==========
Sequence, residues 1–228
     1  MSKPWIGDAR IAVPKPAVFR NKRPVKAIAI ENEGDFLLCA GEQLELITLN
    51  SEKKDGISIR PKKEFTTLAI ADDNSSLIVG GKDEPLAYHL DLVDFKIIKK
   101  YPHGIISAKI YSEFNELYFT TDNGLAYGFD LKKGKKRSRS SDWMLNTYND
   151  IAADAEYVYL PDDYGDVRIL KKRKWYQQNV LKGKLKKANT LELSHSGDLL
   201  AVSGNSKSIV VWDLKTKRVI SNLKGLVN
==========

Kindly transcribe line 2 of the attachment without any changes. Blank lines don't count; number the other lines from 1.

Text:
     1  MSKPWIGDAR IAVPKPAVFR NKRPVKAIAI ENEGDFLLCA GEQLELITLN